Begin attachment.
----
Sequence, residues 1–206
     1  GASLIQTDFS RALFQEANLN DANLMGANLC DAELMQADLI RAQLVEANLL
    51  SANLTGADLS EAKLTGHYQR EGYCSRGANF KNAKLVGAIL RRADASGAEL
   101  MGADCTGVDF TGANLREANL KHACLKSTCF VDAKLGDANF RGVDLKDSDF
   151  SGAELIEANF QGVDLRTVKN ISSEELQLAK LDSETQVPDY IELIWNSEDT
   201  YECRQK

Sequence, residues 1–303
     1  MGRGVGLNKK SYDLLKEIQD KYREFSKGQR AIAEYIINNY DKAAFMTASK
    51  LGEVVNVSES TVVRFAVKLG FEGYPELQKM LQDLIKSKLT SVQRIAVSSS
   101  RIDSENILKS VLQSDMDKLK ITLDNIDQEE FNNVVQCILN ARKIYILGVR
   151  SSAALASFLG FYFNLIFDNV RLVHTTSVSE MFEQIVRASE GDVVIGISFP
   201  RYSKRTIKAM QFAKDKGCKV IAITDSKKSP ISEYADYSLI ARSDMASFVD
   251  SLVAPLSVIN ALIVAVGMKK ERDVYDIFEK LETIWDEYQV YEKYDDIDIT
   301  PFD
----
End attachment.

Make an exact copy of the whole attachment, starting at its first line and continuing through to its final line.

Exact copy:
Sequence, residues 1–206
     1  GASLIQTDFS RALFQEANLN DANLMGANLC DAELMQADLI RAQLVEANLL
    51  SANLTGADLS EAKLTGHYQR EGYCSRGANF KNAKLVGAIL RRADASGAEL
   101  MGADCTGVDF TGANLREANL KHACLKSTCF VDAKLGDANF RGVDLKDSDF
   151  SGAELIEANF QGVDLRTVKN ISSEELQLAK LDSETQVPDY IELIWNSEDT
   201  YECRQK

Sequence, residues 1–303
     1  MGRGVGLNKK SYDLLKEIQD KYREFSKGQR AIAEYIINNY DKAAFMTASK
    51  LGEVVNVSES TVVRFAVKLG FEGYPELQKM LQDLIKSKLT SVQRIAVSSS
   101  RIDSENILKS VLQSDMDKLK ITLDNIDQEE FNNVVQCILN ARKIYILGVR
   151  SSAALASFLG FYFNLIFDNV RLVHTTSVSE MFEQIVRASE GDVVIGISFP
   201  RYSKRTIKAM QFAKDKGCKV IAITDSKKSP ISEYADYSLI ARSDMASFVD
   251  SLVAPLSVIN ALIVAVGMKK ERDVYDIFEK LETIWDEYQV YEKYDDIDIT
   301  PFD